But is it wondrous ? Older pictures of it show it as a simple, massive, but simple dolmen. But today there is a long passage, impressive entrance, and strange stepped cairn covering it all, it all looks great, but its very modern. The dolmen was covered solely to protect the carvings, so, what they've done is erect a modern folly over an awesome megalithic site, I think I might have preferred it the way it was.

Grand Menhir Brise (Standing Stone / Menhir) — Fieldnotes

From Mane Rutual I walked up the road to the gate where you can look over it at the three marvels here, Er Grah, Table Des Marchands and Le Grand Menhir Brise. From the gate the big broken stone is tantalisingly close, there was no one around, so, like a very bad boy I jumped over the gate in a trice and had the trio to myself.
If I'd paid to go in I wouldn't have been able to walk on the grass, touch the stone, or even have a good look around it. But as it's after closing time there would be no getting into the Marchants table.
It's all about give and take, ive given Brittany over a thousand pounds, I wanna see the stones and no little gate is gonna stop me. Am I a bad ass or just determined?

Le Grand Menhir Brise was the biggest standing stone in France, possibly in Europe, only Egyptian obelisks are taller, but I don't really class them as standing stones. If you know of a bigger one please let me know. It may have stood 14 meters high, if it ever stood at all. Some parts of the broken stone have been removed to be capstones for nearby and not so nearby dolmens.
The four remaining pieces are most impressive, and no matter where you are in the complex your eye keeps being drawn back to the great broken stone.
Three pieces are still in such a position that you can see they still lie where they fell, but the fourth and biggest piece has somehow twisted around and away from the other three. It is difficult to imagine where the parts that were removed came from as the four parts seem to fit together.
It is a most perplexing and mysterious thing. Oh, and it's very very big.

Mané Rutuel (Passage Grave) — Fieldnotes

The kids had made some friends at the hotel and their parents granted me two hours leave to go see some stones, so with no small amount of glee I bombed it over to Locmariaquer. Followed the signs for Table des Marchands, went straight past it, turned right at the cemetery down a very thin road until I saw the sign for Mane Rutuel. Parking here is precarious to say the least, there is not much room at all.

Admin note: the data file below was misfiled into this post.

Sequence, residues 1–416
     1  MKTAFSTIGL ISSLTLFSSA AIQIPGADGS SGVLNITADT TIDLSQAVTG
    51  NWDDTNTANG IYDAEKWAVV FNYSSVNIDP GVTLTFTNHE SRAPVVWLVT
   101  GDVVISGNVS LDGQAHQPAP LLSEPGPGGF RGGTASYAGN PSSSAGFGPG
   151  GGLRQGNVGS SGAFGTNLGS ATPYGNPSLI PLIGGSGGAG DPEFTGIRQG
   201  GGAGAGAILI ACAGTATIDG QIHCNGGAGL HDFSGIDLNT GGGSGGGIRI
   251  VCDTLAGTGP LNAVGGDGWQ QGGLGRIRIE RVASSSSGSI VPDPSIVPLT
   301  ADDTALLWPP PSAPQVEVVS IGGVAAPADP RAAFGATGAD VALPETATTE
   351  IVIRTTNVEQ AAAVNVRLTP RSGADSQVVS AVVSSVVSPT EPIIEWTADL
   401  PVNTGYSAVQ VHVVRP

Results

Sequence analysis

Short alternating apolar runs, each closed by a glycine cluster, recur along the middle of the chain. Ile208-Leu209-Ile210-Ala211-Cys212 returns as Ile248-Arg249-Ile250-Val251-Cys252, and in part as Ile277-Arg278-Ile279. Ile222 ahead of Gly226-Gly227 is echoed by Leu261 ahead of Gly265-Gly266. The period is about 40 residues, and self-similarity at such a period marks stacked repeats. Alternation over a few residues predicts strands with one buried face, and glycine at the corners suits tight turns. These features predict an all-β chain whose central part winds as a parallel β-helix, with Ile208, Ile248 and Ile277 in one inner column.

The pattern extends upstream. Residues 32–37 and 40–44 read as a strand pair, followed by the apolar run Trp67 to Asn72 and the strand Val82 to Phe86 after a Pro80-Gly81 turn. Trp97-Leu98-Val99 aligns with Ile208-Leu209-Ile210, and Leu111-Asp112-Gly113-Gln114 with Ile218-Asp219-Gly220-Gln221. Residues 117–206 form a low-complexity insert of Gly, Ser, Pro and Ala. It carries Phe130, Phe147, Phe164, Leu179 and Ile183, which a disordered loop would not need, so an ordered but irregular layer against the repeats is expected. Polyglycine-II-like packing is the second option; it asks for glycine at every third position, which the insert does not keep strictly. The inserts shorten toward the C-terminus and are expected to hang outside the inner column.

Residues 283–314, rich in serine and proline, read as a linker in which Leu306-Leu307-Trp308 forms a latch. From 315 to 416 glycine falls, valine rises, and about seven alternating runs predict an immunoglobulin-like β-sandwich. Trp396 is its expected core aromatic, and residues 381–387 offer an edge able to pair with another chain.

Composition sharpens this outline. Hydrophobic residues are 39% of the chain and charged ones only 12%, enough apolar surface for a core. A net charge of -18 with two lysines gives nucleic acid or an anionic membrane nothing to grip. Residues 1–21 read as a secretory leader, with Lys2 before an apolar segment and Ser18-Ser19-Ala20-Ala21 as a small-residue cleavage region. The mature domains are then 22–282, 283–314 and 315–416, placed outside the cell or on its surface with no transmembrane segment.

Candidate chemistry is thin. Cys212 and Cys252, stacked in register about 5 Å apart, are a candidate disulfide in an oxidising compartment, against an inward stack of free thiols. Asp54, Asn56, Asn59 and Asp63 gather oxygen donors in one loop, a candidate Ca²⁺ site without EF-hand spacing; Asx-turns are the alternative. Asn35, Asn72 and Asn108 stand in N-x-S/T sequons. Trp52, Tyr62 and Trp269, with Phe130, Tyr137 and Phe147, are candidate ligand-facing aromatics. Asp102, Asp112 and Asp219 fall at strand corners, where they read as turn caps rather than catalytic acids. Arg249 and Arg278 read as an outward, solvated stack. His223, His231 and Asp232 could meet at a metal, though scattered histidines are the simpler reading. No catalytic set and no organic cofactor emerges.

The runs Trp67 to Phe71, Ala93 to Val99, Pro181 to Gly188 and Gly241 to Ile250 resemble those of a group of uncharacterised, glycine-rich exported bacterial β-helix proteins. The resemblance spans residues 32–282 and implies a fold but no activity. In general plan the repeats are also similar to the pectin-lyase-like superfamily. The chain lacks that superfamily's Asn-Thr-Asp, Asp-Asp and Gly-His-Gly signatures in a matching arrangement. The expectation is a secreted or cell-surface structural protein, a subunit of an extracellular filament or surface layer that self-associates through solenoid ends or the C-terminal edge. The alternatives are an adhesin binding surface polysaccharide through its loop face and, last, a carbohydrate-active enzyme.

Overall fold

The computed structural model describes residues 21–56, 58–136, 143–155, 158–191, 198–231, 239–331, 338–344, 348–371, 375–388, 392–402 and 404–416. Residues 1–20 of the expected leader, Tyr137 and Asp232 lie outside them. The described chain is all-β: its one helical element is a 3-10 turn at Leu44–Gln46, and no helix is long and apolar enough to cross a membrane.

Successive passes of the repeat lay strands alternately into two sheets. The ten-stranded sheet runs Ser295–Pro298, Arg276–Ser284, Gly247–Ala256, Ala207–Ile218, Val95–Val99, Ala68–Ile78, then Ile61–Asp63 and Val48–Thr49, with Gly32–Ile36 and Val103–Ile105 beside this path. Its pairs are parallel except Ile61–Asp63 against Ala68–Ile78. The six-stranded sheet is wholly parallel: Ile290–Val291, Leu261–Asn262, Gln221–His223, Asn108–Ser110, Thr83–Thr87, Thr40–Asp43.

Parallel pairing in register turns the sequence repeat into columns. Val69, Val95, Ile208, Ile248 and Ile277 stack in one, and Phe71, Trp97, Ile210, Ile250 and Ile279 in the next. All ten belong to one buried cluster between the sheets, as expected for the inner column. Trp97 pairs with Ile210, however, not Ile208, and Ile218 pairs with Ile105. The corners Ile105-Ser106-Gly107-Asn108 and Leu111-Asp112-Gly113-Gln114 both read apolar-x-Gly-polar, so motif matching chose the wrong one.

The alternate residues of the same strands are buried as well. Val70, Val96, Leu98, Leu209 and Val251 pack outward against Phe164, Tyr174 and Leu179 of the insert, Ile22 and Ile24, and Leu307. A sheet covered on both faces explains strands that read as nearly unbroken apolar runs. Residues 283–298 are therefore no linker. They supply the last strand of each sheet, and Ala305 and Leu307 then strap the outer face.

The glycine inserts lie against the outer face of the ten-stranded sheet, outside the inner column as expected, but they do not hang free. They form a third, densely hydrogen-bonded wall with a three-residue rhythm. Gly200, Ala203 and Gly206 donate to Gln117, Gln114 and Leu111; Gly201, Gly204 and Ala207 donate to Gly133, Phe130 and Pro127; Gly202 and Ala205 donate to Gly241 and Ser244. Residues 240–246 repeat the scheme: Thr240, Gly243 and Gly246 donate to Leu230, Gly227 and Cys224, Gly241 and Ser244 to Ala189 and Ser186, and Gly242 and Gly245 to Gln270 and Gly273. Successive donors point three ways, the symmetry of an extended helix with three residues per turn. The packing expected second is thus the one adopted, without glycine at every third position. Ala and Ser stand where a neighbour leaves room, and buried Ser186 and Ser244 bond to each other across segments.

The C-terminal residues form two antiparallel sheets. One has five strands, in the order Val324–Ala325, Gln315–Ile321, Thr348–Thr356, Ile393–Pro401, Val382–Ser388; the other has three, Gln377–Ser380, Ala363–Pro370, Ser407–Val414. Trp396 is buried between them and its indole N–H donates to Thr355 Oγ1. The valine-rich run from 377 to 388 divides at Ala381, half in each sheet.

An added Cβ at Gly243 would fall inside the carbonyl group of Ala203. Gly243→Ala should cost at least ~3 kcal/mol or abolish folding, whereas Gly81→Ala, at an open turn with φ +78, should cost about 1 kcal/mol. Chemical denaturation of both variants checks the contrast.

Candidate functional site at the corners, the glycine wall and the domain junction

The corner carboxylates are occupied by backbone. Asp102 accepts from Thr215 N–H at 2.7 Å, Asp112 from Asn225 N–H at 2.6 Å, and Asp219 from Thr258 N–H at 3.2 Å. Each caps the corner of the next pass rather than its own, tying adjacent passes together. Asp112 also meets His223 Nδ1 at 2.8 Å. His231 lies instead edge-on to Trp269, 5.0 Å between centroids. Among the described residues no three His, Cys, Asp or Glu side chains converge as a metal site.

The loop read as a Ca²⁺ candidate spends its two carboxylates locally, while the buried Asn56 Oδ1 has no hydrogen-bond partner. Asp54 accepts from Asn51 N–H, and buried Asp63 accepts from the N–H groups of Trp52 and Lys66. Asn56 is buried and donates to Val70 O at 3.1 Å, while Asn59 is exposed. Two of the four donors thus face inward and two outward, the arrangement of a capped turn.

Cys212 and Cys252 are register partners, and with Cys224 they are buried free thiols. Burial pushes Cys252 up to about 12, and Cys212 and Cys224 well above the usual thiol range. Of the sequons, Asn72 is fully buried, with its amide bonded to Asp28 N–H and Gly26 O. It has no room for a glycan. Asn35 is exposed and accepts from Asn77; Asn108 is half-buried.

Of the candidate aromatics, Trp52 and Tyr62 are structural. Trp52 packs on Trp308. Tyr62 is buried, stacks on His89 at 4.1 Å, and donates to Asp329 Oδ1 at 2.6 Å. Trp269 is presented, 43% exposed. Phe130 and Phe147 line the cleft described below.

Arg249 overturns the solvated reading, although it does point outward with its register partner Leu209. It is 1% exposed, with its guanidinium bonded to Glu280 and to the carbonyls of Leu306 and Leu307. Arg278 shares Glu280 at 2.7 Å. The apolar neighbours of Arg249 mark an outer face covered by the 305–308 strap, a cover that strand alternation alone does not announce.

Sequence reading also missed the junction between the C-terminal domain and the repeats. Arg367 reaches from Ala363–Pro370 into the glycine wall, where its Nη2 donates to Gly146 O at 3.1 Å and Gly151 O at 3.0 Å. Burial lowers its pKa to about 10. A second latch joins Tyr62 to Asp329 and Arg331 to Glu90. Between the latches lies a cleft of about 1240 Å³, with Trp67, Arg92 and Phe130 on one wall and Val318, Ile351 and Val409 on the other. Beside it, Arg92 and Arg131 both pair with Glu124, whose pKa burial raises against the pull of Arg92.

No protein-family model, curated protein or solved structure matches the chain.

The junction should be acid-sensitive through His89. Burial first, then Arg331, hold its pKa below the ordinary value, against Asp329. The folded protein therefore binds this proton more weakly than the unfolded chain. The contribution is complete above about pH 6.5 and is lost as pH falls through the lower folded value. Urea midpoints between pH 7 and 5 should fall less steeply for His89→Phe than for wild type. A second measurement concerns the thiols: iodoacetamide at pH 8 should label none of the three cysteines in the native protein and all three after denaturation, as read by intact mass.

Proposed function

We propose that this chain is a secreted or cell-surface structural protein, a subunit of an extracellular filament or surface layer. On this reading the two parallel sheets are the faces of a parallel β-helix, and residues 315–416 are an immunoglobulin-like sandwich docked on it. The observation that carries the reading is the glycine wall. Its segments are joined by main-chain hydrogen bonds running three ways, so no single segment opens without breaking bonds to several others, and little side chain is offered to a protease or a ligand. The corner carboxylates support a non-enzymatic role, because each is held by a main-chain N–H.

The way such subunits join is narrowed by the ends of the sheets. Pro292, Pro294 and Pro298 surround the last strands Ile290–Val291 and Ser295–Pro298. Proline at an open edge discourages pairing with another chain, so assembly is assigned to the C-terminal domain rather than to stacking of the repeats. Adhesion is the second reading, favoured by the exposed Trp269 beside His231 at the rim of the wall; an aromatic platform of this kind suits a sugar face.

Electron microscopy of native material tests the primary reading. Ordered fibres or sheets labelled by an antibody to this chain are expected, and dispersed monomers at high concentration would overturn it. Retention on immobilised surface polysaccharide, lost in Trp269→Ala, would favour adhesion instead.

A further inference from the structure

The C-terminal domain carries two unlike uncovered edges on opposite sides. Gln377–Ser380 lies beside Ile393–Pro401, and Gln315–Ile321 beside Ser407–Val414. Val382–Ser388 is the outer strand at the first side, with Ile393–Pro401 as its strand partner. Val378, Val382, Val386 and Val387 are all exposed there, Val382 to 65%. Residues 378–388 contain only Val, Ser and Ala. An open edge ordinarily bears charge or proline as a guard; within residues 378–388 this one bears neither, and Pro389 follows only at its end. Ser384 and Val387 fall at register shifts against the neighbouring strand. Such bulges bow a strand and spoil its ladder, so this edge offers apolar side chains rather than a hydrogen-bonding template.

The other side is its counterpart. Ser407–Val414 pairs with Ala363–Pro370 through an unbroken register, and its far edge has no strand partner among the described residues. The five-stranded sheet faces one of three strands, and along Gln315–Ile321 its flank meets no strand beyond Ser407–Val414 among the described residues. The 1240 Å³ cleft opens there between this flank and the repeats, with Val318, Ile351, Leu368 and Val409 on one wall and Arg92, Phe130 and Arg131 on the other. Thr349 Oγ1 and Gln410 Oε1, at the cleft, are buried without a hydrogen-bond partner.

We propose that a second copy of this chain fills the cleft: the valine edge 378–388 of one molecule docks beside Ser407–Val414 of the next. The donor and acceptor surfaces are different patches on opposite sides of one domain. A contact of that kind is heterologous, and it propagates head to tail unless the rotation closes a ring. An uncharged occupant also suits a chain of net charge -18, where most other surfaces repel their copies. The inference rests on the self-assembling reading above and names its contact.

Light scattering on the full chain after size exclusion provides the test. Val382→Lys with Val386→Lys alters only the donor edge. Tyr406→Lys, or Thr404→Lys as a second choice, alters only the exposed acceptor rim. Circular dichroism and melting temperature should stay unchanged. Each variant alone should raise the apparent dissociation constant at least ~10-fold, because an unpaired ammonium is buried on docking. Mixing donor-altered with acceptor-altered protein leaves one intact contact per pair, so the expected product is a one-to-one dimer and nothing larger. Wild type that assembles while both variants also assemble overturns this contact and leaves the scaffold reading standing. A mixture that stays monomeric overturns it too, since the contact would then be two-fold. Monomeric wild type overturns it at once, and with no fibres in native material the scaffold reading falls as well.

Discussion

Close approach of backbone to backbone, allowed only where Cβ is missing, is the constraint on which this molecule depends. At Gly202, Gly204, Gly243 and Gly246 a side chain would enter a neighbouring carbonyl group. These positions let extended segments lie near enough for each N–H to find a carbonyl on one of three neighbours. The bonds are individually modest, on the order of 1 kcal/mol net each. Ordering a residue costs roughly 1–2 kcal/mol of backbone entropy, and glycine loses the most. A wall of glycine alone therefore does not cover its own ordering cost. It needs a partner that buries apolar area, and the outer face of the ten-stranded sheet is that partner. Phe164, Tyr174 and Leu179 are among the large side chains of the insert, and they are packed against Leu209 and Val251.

A path leads you in between some houses and past their gardens, there was someone at the burial chamber before me, so I strolled as slowly as I could. That's the thing about sites around Carnac, you very rarely get the place to yourself unless your there out of season, but I guarantee that they never stay long. The young English family didn't even go in, what's the point ?
This long Allee Couverte sits in an area barely big enough to contain it, there is just enough room for three to walk abreast around it. After walking around it I bent low and passed through the entrance.
There is a lot of concrete here, more concrete than in any other site ive seen here, it's not particularly pretty. The passage opens out slightly into a round-ish chamber, tall enough to stand upright in. But beyond the round-ish chamber is the concrete chamber, it seems cut off from the rest of the monument, like it wasn't used at all, almost all the wall stones are concrete, graffitied and littered. It is best appreciated from the outside, where the concrete is almost invisible.
The massive capstone that sits at the end of the passage is truly gargantuan, the carved human figure on it's under side was not visible to me, mostly because I didn't know it was there. Was this capstone one of the menhirs from the alignment up the road ? it is very rectangular, unlike most other Carnac Menhirs. So I don't know.
But that is where I'm going now, even though it's closed for the day.

Mane Lud (Tumulus (France and Brittany)) — Images

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Bronzo (Standing Stone / Menhir) — Images

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Grand Menhir Brise (Standing Stone / Menhir) — Images

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Showing 1-50 of 7,155 posts. Most recent first | Next 50
After visiting over a thousand ancient places and driving between fifteen to twenty thousand miles every year I can only conclude that I'm obsessed with these places, and finding this website seven years ago only compounded that obsession, at least I'm not alone anymore.

My favourite places are:

Ring of Brodgar
Callanish
Balnauran of Clava
Torhouskie
Swinside
Nine stones close
Bryn Celli Ddu
The Druids circle (penmaenmawr)
HafodyGors Wen
Gwal y Filiast
Grey Wethers
Boscawen Un
La Roche au Fees
Drombeg
Uragh
Talati De Dalt

and these are only the ones that immediatly spring to mind, so many stones and not enough lifetimes.

My TMA Content: